Also, it will clearly outline the probable demands that consumers of a certain area have. It might seem too minor a detail, but the purchase motivation and demands can sometimes differ drastically in two different areas.
Some segmentation of your audience segmentation can be done by demography, geography, behavior, or aptitude.
- Demography: the name basically explains the term. Here you can choose your audience as the millennials or baby boomers. You have the possibility to segment by income or by stage of life, such as a recently married couple.
- Geography: Is United States your target? If you have a digital company and sell digital products, why not expand it to English-speaking countries? Defining your audience based on where they live or where they consume it's also a good option, but it can be too wide. You may think about starting small, such as focusing on a city or a neighborhood before targeting the whole world.
- Behavior: In this case, you may want to target those who are vegans or look for locally grown products. The way they behave when consuming a product or service is what limits their segment.
- Aptitude: If they buy products because they want the product to represent themselves or their self-brand, such as a nice car or a fancy grill, they are buying because they have an aptitude toward this product. This is where the segment is the aptitude the person has concerning purchasing a product or service.
Hence, to properly gauge the efficacy of a full-fledged marketing campaign in a particular area, you must make a target market profile. It’ll also channelize your strategic marketing plan and help you concentrate where the chances of conversion are high.
4) Define your Unique Selling Propositions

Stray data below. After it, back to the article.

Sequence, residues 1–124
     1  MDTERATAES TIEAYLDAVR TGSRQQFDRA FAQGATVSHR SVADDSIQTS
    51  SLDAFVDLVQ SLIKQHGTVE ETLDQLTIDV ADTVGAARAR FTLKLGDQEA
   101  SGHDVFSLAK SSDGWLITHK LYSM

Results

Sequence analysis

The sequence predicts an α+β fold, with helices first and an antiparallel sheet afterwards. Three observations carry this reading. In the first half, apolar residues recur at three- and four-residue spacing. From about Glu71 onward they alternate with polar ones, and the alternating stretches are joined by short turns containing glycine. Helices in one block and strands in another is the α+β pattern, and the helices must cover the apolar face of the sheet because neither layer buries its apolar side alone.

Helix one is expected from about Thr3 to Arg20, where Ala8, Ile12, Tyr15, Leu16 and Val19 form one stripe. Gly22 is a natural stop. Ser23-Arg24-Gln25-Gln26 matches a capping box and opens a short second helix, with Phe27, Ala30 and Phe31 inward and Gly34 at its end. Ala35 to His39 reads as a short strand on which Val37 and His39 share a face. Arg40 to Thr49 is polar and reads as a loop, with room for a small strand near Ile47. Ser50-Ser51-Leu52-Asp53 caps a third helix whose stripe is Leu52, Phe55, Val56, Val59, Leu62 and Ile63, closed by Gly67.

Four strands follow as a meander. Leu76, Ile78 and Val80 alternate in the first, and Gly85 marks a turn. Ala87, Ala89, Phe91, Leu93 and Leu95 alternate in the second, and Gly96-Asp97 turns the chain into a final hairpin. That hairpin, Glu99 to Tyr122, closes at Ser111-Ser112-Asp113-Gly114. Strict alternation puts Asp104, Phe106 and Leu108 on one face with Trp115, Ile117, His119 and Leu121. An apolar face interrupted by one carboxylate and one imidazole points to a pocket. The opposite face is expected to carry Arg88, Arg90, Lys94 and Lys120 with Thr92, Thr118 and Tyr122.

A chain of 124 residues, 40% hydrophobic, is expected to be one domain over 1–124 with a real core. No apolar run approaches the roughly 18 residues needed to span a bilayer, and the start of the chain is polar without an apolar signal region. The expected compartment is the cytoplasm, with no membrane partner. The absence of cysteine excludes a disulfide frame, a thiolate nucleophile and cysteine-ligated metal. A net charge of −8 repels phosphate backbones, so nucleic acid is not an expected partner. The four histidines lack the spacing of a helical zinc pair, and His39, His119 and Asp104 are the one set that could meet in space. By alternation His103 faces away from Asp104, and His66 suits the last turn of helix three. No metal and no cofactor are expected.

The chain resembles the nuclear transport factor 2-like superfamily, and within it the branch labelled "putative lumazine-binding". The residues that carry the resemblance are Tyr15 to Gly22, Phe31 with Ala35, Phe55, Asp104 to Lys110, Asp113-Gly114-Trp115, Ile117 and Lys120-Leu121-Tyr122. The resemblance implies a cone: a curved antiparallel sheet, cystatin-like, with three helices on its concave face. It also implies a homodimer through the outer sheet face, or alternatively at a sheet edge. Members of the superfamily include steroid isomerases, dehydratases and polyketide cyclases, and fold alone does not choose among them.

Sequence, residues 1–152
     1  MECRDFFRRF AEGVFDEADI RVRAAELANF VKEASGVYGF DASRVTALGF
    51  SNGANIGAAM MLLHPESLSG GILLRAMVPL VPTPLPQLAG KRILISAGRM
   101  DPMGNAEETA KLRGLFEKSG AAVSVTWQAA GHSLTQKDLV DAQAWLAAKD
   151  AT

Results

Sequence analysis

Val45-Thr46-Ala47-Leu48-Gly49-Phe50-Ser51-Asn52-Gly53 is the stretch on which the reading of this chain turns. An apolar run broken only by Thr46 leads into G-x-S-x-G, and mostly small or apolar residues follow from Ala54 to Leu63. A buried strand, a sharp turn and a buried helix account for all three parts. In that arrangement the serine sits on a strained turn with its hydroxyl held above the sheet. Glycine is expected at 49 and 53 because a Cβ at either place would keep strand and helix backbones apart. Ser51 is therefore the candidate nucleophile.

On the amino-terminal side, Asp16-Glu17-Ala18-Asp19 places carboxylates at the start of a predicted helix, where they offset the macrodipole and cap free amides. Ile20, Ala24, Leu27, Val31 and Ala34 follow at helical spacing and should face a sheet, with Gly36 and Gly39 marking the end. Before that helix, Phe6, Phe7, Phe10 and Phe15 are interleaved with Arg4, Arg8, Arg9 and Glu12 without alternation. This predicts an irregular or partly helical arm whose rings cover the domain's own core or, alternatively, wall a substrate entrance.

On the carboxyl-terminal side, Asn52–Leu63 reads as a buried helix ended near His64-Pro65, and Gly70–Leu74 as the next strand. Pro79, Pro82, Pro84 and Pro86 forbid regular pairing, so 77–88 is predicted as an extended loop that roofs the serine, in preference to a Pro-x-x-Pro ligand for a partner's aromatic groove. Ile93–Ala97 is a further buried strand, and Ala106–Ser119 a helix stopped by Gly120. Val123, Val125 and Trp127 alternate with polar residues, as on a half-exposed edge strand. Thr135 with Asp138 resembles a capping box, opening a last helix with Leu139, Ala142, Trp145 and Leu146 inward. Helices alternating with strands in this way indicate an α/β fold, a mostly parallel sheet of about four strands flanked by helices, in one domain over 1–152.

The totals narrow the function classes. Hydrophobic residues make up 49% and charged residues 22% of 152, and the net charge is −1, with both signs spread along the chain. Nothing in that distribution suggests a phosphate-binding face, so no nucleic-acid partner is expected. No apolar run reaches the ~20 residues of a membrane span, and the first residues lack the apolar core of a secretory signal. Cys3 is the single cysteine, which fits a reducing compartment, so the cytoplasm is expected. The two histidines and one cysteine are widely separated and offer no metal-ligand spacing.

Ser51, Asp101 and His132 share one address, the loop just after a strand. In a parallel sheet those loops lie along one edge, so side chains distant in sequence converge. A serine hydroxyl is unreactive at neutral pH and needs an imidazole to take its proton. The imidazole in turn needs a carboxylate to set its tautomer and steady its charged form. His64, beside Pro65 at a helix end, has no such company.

When you build a strategic marketing plan for a client or your own company, you have to start with the basics no matter what type of business it is.
After remembering why your company existed in the first place, which will inspire your vision and mission, you should continue by determining what the company does and who it serves. When you nail this down in one or two sentences, you can guarantee a clear picture of their target audience.
Developing your USP
To be successful with your offer, you want to move on to determine the company’s unique selling proposition.
Odds are, with all the competition in the marketplace, other businesses do exactly what your company does, making it extremely important to define a differentiation that sets your company apart from the competition.
Think, Why would someone order from your company versus your competitors? Define USP based on what your target customers are looking for.
Although this was mentioned above, you want to make sure you dig really deep into your company's target market since many things will be affected by the audience, such as the product or services development, product features, USPs, price points, and many other marketing factors.
5) Establish Your Goals and KPIs
Just like with anything, you need to set your goals before you can begin. To measure if your marketing is successful or not, you need goals in place to measure and track. Set your goals.
You want to set SMART goals for all of these. This means they must be specific, measurable, attainable, relevant, and time-bound.